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What You Need To Know About Moving From Big 4 to a Smaller Firm

Posted on 7th March 2018 by Parker Bridge

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Twelve hour days, terrible work-life balance, overwhelming workloads and no end in sight. We’ve all heard the horror stories of what it can be like to work for the Big 4.

With the promise of greener pastures, fewer hours and more personal time, it’s no wonder that many Accounting & Finance professionals are looking to make the leap from Big 4 to smaller firms for more exposure and better opportunities. And yet, so many do so unpreparedly or unaware of what this move really means.

So, if you are one of these hopeful professionals, how can you prepare yourself to make a successful move from the Big 4?

Know when it’s Time to Move

The first thing to do is to simply recognise when it might be time to move on. If you decide that you do want to move on from the Big 4, spending too much of your career there can be detrimental. This is because there is a stark difference between what’s expected of a Corporate Finance Manager for KMPG versus a smaller firm. 

It’s often recommended to move on after two to four years’ experience but the key is to wait for the right opportunity to appear before making your intentions public. One of the biggest advantages the Big 4 can offer you is access to industry mentors. Cut your ties early and you can lose access to these people.

When you do decide to go to market, however, make sure you brush up on your interview skills and update your Seek and LinkedIn profiles. Ensuring your online profiles are updated with your recent roles, skills and experiences can dramatically increase your chances of being headhunted. If you’re concerned about your Manager finding out you’re looking for a new job, be sure to turn the below setting off when you’re updating your LinkedIn profile and check out how to privately let Recruiters know you’re open to new opportunities.

Rethink Your Definition of ‘Busy’

The largest difference between the Big 4 and a smaller firm is that you’ll be working with clients that range in various sizes. Your projects will likely be similar but you’ll generally have more visibility and ownership or work in a smaller team. For example, if you worked in the Big 4, you’ll be one person in a large team that makes up an even larger department. You’ll only be working a few processes of the end-to-end procedure and may not even be client-facing. This doesn’t necessarily mean that you’ll have less work if you were employed in a smaller firm but that in most cases, you’ll have more exposure to the whole holistic process.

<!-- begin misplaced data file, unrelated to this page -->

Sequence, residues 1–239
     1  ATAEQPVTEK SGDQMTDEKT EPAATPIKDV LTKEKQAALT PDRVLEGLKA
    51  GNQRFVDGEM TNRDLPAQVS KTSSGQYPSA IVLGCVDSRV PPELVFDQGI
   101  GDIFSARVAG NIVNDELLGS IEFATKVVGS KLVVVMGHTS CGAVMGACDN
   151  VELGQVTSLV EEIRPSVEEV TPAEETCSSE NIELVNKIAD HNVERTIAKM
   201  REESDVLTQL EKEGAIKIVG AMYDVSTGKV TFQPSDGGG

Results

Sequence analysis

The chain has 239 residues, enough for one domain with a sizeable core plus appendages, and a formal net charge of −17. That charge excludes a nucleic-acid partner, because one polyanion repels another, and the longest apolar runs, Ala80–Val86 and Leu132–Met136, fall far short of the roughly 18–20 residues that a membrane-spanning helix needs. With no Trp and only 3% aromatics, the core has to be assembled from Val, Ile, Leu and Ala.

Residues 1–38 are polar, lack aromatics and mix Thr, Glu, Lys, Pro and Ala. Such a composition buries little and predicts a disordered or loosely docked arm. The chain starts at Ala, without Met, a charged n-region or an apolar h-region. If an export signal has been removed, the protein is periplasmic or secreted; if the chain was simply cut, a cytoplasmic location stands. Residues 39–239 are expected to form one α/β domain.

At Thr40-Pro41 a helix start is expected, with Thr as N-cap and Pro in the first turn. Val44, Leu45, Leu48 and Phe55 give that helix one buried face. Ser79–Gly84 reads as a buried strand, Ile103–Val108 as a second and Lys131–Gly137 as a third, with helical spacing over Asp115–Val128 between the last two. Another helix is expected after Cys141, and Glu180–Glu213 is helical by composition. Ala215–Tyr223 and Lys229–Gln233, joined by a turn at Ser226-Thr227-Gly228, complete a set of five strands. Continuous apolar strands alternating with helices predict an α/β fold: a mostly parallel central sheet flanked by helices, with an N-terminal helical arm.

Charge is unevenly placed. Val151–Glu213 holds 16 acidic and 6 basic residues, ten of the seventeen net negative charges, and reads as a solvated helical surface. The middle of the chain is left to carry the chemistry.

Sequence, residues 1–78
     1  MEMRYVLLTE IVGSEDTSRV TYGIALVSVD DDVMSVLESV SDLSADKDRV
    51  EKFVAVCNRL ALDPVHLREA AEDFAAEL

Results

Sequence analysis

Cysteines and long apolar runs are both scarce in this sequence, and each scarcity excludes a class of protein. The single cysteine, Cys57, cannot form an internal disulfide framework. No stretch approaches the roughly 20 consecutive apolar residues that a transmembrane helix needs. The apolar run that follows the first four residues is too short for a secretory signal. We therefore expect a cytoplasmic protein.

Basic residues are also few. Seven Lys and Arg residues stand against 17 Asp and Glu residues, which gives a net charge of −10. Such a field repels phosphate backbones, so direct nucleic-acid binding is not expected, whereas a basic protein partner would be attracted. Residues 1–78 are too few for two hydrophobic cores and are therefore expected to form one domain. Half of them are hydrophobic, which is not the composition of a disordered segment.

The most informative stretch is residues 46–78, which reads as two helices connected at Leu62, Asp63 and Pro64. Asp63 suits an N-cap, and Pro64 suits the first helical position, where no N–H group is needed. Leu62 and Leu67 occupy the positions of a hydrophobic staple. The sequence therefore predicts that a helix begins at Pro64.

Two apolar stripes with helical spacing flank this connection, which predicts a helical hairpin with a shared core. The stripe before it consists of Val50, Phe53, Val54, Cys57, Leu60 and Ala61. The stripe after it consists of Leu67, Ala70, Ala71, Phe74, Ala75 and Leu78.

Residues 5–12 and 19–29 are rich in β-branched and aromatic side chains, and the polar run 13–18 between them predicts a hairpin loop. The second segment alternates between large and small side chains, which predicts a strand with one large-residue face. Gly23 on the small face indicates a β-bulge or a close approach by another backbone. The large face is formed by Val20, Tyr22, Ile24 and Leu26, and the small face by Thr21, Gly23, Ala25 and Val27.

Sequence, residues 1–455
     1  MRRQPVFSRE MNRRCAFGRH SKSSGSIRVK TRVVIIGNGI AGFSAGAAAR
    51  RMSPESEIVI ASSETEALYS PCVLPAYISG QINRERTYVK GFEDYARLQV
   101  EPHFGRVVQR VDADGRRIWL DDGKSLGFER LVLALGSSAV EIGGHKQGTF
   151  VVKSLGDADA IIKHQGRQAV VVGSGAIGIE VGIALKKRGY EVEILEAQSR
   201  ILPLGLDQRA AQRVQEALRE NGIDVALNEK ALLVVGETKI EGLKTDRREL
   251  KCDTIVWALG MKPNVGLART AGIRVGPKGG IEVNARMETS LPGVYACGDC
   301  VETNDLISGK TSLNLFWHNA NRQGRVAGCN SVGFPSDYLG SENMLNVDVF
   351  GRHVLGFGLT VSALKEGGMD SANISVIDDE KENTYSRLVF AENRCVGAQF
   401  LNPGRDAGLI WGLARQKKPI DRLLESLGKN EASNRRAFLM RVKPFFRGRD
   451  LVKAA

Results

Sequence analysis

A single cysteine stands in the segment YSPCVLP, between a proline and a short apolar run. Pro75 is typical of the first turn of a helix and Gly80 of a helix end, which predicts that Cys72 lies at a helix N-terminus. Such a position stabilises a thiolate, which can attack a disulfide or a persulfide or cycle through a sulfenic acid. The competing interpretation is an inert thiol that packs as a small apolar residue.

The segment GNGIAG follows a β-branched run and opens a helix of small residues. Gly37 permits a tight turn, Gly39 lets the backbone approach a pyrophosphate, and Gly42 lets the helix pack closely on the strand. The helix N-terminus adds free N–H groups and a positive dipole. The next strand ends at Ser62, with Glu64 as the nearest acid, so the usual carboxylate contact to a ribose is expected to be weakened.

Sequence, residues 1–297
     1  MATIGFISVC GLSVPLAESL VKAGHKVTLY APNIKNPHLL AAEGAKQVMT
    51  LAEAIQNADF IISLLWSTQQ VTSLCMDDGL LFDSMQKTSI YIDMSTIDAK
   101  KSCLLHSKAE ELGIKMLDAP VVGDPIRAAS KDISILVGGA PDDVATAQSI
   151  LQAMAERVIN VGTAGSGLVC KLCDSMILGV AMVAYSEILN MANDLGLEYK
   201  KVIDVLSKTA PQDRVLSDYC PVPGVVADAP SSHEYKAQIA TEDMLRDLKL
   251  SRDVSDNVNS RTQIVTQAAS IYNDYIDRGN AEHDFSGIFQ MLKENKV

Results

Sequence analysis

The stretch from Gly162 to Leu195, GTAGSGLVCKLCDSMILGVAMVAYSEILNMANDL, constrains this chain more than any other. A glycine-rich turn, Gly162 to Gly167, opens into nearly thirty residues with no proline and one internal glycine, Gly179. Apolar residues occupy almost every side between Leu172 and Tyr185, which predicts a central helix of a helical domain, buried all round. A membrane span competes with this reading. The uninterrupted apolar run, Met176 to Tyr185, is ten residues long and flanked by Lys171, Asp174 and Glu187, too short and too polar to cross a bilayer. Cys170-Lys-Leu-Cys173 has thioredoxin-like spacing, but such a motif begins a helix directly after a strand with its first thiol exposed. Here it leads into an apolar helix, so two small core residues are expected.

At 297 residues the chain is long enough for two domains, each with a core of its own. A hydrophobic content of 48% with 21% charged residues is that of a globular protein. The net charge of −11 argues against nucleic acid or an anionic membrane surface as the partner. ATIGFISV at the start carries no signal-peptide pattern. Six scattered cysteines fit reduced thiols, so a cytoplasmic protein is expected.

As previously mentioned, if you joined a smaller corporate finance firm, you won’t have the team you had in the Big 4. With that in mind, you will find it easier to stand out but be prepared to quickly pick up new skills after starting a new role. As an example, you may focus on valuations or financial modelling in your current Corporate Finance job but your first role in a smaller firm might require both, as well as some forensic accounting, financial investigations, lead advisory and transactional services. It might seem a difficult leap to make but if you’re open to being mentored and you’re good at what you do, it can be an incredibly quick and rewarding path to an executive or partner position. 

You’ll make a Much Larger Difference

Most of your current clients in the Big 4 will often be known and established multinationals with well trained and resourced Accounting & Finance departments and technology in place. You’ll also usually have a manager and partner leading the project so the opportunity to make any sort of value-adding impact to your clients will be meniscal compared to a smaller firm. In a small to medium sized firm, your clients will be diverse and you’ll likely be client facing in some capacity. This enables you to use your expertise and resources to develop truly beneficial client partnerships.

Prepare to Negotiate Your Salary

It can difficult to reflect on your current experiences and position in the Big 4 to accurately set your salary expectations when leaving for a smaller firm. That said, there are plenty of resources out there, such as our Salary Survey that can help you ensure your salary expectations are accurate. You should also consider other non-monetary benefits that smaller firms can offer, such as four day work weeks and flexi-time, or health insurance. Some companies may even cover your professional membership costs as an added benefit.

Prepare for a Counter-offer

If you’re good at what you do, you may face a counter-offer when you hand in your resignation. If you do, consider that accepting a counter-offer is rarely the right decision for your career. The boost in salary won’t answer the reason you found yourself wanting to move on from the Big 4 in the first place.

Closing Thoughts

If you’re thinking of moving on from the Big 4, having a professional Recruiter on your side can be a huge help. You’ll be the first to know when a great opportunity that suits your skillset appears, and a Recruiter can provide invaluable career and salary advice so that you step into an interview prepared.

The Corporate Finance Manager role I used as an example earlier, was a 'live' role at the time of writing this blog. So, if you thought it may have been a great role for you, please do get in touch as I often have roles of this calibre.

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